South Asian countries are tying their fortunes to China’s infrastructure schemes — and failing
Sri Lankan Prime Minister Ranil Wickremesinghe has acknowledged that Sri Lanka is negotiating a bailout with the International Monetary Fund (IMF) “as a bankrupt country.”
Sri Lanka is not the only South Asian country facing an economic crisis that borrowed heavily from China for infrastructure projects, which the Chinese have described as part of its Belt and Road Initiative (BRI). Nepal, Maldives and Pakistan are also going through economic convulsions.
Ironically, China, which over the years was quick to offer high-interest loans for infrastructure projects in Sri Lanka, has been quiet during its current crisis. President Gotabaya Rajapaksa – who along with his brother, former President and Prime Minister Mahinda Rajapaksa, was responsible for Sri Lanka’s heavy borrowing from China – recently lamented that South Asian countries in financial trouble are not getting the same attention from Beijing as before.
Rajapaksa was reported as saying that Sri Lanka was unable to tap a $1.5 billion credit line from Beijing and his request to Chinese President Xi Jinping for a $1 billion loan to buy essential goods had gone unanswered. Sri Lanka’s budget deficit is now 13 percent of its GDP and there is less than $2 billion in foreign exchange reserves.
For years, China has planned to encircle India and force the United States out of South Asia by bribing elites and offering their countries massive loans for grandiose infrastructure projects. China now faces the prospect of diminished influence in a region where a few years ago its footprint seemed to be growing.
Chinese officials are trying to ride out the political fallout of the economic debacle by stepping up anti-U.S. rhetoric. Sri Lanka’s crisis, and that of other countries around it, demonstrates that China’s lending policies are based less on economic viability and more on giving China strategic advantage. Sri Lanka – once the model for countries like Singapore – has defaulted on multi-million-dollar debt interest payments and faces fuel and food shortages. The Sri Lankan rupee is currently the worst performing currency globally.
The Chinese are, meanwhile, sitting in the Indian Ocean port of Hambantota, which they took over in 2017 on lease as part of repayment of their loan to Sri Lanka. With little trade flowing through Hambantota, China’s interest in the port can only be strategic, with future military use as a possibility.
This is a tragic fall for a country that has ranked the highest in its region in human development indices and, until recently, had a higher GDP per capita ($3,850) than India, Pakistan or Bangladesh. Even in 2019, Sri Lanka had $7.5 billion in foreign exchange reserves. But expensive and unproductive infrastructure projects have become a major factor in the country’s economic decline.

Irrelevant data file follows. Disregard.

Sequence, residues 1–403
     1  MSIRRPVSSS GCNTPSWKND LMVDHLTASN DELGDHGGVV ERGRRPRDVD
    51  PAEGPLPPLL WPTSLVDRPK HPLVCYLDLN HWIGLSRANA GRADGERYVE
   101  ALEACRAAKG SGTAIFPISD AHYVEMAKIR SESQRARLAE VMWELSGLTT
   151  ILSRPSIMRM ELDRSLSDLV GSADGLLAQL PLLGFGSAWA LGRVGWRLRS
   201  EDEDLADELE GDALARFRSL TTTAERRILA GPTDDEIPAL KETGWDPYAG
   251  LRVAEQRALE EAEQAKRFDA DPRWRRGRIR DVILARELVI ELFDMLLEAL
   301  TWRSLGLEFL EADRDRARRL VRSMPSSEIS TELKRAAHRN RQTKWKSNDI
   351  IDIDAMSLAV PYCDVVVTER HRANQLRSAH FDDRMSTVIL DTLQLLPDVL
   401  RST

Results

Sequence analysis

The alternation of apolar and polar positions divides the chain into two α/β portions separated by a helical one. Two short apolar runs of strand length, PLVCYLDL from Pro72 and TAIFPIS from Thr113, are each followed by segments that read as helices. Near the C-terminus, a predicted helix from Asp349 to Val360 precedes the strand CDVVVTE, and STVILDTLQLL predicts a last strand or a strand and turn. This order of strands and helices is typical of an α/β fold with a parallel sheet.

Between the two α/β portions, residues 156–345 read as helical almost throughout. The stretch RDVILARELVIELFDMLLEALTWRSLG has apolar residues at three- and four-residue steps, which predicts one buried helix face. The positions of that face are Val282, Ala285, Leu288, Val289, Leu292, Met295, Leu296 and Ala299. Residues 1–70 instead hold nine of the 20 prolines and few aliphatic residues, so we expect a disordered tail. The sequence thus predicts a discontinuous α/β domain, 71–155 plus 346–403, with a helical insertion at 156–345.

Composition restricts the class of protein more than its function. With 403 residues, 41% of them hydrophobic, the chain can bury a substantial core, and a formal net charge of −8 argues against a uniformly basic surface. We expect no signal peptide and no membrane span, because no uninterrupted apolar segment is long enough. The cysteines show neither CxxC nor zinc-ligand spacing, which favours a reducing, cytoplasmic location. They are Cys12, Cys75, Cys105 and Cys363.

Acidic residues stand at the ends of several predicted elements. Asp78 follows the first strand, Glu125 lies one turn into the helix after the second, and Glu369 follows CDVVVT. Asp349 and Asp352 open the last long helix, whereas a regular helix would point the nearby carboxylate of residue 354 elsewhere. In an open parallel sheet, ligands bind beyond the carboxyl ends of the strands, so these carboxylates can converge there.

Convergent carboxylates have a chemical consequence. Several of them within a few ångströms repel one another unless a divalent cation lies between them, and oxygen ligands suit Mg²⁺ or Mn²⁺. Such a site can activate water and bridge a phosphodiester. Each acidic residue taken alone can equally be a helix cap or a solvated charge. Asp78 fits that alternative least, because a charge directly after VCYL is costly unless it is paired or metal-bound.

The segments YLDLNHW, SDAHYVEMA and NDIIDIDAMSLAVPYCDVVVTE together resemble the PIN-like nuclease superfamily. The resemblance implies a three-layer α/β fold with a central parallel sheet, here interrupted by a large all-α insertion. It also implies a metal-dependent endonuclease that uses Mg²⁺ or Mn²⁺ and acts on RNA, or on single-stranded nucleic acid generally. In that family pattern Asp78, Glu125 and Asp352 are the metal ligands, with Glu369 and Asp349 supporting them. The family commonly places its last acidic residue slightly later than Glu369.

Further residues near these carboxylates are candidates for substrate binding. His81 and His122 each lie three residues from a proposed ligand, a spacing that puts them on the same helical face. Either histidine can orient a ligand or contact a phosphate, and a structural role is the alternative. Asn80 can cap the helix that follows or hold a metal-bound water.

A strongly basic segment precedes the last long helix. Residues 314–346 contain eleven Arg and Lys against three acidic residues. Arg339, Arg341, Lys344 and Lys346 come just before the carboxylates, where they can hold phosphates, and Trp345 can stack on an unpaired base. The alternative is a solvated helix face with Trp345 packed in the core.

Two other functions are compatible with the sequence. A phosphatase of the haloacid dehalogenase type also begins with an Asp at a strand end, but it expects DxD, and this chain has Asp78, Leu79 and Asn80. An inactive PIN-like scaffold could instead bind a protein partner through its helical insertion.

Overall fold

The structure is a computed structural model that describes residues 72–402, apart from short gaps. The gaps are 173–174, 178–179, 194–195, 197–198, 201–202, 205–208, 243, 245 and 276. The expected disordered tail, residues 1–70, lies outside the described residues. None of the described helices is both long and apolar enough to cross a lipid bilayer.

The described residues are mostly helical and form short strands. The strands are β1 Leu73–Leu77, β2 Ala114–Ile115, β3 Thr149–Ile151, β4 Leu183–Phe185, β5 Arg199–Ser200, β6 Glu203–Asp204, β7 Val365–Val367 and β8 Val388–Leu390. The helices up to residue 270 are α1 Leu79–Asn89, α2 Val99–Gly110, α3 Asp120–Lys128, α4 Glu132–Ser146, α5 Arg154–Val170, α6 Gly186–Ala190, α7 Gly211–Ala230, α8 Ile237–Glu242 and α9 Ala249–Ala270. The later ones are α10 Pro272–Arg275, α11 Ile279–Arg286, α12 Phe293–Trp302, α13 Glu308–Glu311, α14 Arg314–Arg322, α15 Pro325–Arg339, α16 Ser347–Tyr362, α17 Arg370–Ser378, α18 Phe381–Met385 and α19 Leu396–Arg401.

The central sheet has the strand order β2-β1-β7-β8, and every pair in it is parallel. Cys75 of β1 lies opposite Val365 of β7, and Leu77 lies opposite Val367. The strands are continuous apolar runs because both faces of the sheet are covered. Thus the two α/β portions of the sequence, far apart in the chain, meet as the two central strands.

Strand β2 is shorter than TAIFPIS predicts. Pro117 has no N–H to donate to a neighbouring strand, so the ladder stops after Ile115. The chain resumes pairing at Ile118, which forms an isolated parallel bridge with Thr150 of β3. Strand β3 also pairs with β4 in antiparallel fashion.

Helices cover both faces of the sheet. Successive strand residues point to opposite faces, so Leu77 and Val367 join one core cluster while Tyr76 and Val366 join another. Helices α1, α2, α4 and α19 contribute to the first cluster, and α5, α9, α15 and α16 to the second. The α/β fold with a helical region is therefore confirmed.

Other countries in South Asia have also been saddled with Chinese-funded white elephants — projects whose cost, particularly maintenance, is disproportionately higher than their economic return. Chinese lending caused a severe economic crisis two years ago in the Maldives. Nepal, which also borrowed from China for infrastructure projects, faces balance of payments challenges.
Pakistan, China’s closest friend in South Asia, is negotiating with the IMF to avert defaulting on its financial obligations. The China Pakistan Economic Corridor (CPEC), a set of infrastructure projects linking the two countries, was once trumpeted as a game changer for Pakistan. It now seems nothing more than a Chinese effort to find a foothold on the coast of the Arabian Sea and close to the oil-producing Gulf states.
China is Pakistan’s single largest creditor. Pakistan’s external debt stands at $131 billion, of which $ 41 billion is owed to multilateral creditors, and almost $19 billion to China. Instead of bolstering Pakistan’s economy, the heavy borrowing from China and economic mismanagement have resulted in double digit inflation and erosion in the value of the Pakistani rupee. During the latest crisis, China has offered nuclear-armed Pakistan further loans, but that would only further draw the country into China’s “debt trap.”
The economic problems in both Sri Lanka and Pakistan are partly structural. Elites in both countries pay little in taxes, while supporting large military budgets. Endless war against the Tamil minority in Sri Lanka, and against India and Afghanistan in Pakistan’s case, is hardly conducive to investment.
The COVID-19 pandemic and higher oil prices have also taken a toll on all South Asian economies. But none of these factors should minimize the impact of some governments’ decision to tie their fortunes to China’s infrastructure schemes. Unlike western and multilateral donors, who are sometimes willing to convert loans into grants, China reluctantly agrees to defer, but never cancel a due payment.
Once Sri Lanka and Pakistan get through their current challenges, most likely with the IMF’s support, they would do well to scale back their reliance on China as a partner. Borrowing from China has proved a poor substitute for structural economic reforms recommended by western governments and institutions, which South Asian elites often tend to resent.
Husain Haqqani is director for South and Central Asia at the Hudson Institute. He served as Pakistan’s ambassador to the U.S. from 2008 to 2011. Aparna Pande is director of Washington based Hudson Institute’s Initiative on the Future of India and South Asia.